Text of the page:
Southbank teacher Louise Howlett brings historical painting to life

Southbank teacher Louise Howlett brings historical painting to life
Brendan Rees

A Victorian College of the Arts Secondary School (VCASS) teacher is one step closer to bringing her ambitious 3D theatrics project to life after undertaking a coveted artist-in-residency programme in France.

Louise Howlett, a French teacher and theatre-maker, has been working on a project called the Secret of the Raft since 2016, which combines cutting-edge technology, immersive storytelling, and visual effects to create a unique theatrical experience.

Her project, which she said had been her pride of joy, is inspired by the story behind The Raft of the Medusa painting created by French Romantic painter Théodore Géricault in 1818-19, which depicts the aftermath of a shipwreck, the Medusa, when it was navigating the African coast in 1816.

With limited lifeboats, about 147 people were set adrift on a makeshift raft, resulting in a harrowing 13-day ordeal with only 15 people surviving.

“One of my aims was to really try to breathe life into a painting, which, to some, may seem like an antiquated masterpiece, but it actually tells an incredible story,” Ms Howlett said.

The Raft of the Medusa is still a highly relevant painting that emphasises the importance of caring for one another and valuing our shared humanity, especially in the uncertain times we face today.”

The project, which has been possible thanks to a collaboration with RMIT University’s School of Design, is entering its final stages with the work expected to be staged next year, which Ms Howlett also hoped to share in an international tour.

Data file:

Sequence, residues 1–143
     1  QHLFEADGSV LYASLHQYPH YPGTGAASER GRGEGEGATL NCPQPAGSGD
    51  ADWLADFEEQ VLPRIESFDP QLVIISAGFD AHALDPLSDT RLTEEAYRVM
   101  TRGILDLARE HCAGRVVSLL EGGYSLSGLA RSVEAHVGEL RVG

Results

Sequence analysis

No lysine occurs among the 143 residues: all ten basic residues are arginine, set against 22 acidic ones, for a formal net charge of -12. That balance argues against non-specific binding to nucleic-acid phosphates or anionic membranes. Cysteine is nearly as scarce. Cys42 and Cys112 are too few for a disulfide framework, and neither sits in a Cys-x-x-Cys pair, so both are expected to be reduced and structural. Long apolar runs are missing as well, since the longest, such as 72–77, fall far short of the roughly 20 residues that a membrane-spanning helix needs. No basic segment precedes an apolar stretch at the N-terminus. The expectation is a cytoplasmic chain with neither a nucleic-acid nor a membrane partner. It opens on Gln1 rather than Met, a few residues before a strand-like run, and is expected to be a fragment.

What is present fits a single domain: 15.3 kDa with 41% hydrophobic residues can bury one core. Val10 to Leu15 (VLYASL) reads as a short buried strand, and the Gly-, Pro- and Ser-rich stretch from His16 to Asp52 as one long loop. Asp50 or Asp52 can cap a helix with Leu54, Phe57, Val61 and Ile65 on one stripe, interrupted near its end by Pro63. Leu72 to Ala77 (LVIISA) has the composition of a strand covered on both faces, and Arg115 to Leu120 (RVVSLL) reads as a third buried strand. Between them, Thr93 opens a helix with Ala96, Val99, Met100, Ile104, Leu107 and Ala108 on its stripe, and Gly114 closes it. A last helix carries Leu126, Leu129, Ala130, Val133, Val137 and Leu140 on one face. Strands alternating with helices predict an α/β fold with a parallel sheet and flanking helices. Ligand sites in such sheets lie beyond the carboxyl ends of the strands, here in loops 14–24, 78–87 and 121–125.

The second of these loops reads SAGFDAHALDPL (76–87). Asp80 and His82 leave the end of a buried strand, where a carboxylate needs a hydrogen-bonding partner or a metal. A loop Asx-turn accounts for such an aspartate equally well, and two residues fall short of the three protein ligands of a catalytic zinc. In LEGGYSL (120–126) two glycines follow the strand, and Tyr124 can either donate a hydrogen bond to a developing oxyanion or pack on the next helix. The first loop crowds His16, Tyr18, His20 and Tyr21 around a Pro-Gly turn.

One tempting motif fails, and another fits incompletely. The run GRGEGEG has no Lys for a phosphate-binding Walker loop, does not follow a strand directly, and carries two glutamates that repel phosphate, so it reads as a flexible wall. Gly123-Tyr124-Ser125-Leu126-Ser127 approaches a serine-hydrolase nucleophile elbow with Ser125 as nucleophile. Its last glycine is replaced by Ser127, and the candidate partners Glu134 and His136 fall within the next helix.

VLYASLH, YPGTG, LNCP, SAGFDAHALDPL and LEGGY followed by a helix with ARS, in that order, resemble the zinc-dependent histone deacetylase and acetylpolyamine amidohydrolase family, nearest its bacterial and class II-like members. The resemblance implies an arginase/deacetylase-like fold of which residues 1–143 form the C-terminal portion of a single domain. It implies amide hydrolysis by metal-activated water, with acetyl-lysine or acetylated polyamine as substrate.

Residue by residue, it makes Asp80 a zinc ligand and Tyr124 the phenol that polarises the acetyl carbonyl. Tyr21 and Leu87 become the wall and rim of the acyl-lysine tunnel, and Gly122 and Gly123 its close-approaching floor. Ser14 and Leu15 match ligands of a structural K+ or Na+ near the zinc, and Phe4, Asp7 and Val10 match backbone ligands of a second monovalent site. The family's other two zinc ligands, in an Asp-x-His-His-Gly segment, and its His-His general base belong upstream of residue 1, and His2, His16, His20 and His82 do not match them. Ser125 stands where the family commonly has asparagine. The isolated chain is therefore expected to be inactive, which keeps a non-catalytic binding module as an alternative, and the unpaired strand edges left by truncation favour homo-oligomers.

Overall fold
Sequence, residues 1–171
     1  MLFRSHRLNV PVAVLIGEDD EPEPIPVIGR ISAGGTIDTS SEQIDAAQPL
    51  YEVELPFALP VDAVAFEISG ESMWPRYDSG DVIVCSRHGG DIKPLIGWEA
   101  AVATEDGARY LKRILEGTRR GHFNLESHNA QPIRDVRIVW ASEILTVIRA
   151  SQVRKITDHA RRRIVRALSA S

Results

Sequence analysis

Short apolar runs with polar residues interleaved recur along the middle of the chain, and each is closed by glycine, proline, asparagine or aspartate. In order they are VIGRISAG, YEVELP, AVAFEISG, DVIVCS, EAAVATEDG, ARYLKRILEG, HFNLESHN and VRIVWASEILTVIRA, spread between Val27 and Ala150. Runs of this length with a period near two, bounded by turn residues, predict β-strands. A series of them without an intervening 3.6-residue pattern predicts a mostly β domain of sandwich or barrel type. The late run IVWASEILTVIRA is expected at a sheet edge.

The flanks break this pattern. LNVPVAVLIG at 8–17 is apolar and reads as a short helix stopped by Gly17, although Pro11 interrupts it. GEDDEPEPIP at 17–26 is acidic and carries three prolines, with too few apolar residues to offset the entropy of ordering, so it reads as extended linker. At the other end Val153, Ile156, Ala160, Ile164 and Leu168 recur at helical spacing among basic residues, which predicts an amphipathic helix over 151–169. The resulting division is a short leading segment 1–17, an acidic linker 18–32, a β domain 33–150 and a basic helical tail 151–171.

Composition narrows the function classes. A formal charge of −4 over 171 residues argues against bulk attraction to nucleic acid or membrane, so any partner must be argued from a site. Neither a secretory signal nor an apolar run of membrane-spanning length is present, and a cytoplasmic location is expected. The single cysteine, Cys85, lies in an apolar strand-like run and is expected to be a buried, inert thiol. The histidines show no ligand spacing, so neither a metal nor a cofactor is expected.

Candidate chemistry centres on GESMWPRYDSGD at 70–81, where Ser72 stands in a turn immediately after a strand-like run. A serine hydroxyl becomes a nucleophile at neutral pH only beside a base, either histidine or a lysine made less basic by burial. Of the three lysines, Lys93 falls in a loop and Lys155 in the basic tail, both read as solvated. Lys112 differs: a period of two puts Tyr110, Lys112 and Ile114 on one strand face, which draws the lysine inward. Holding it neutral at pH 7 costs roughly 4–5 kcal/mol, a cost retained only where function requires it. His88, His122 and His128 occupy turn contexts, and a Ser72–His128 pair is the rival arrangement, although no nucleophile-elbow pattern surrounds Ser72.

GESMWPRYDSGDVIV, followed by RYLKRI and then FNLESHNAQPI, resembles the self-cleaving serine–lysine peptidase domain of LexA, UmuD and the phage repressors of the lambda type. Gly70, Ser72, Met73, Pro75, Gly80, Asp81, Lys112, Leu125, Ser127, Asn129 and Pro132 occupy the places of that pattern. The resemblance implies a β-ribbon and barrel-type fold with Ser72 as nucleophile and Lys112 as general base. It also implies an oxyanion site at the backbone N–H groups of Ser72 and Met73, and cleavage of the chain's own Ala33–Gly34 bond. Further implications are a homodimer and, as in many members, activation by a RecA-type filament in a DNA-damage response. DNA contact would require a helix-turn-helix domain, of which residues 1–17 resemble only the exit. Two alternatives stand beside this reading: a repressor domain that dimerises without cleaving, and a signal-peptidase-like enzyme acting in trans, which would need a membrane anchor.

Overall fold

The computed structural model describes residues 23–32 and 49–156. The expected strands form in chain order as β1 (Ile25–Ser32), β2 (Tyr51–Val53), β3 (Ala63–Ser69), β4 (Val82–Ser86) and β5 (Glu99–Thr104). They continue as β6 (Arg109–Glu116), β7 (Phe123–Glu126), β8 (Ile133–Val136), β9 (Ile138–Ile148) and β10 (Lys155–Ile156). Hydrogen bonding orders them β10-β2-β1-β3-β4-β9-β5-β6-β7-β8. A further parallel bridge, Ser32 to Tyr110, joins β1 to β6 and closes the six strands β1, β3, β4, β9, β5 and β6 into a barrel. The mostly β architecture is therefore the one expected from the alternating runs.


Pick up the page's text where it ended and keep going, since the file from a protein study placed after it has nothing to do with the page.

Such has been her innovative approach to the project, which uses 3D projection mapping, installation, and live performance, that Ms Howlett was bestowed an “Odyssee artist-in-residency programme” by the French Ministry of Culture, which supports artists, researchers and professionals who wish to develop projects within the network of cultural meeting centres in France.

The honour saw her stay in Rochefort for four weeks in May, a city in the southwest of France located at a port on the banks of the River Charente, which allowed her time to focus on researching her project and connect with local artists.


“It was a fantastic experience. I was able to research all the history behind the shipwreck including the opportunity to look at authentic documents and the survivors’ uniforms, which they normally don’t bring out for visitors,” she said.


“I also spoke to a number of historians, visited museums, and met with the local theatre company, in which we performed one of the scenes from the play, without all the multimedia, next to the river where the ship sailed.”

Expressing her excitement of being selected for the coveted residency programme, she said it was a “great honour, as it positions me among just four Australians who have ever received this distinction”.

Ms Howlett has also been nominated for the 2023 French-Australian Execellence Awards in the Woman of the Year category. The awards recognise those who have distinguished themselves in the fields of solidarity, entrepreneurship, research and innovation, sport and culture and sustainable development. •


Caption: Louise Howlett joins actors and attresses from a local theatre company in Rochefort, France to rehearse a scene of her project called Secret of the Raft.

Caption: Louise Howlett is excited to bring her 3D project called the Secret of the Raft to life. Photo: Marcela Lechocka.

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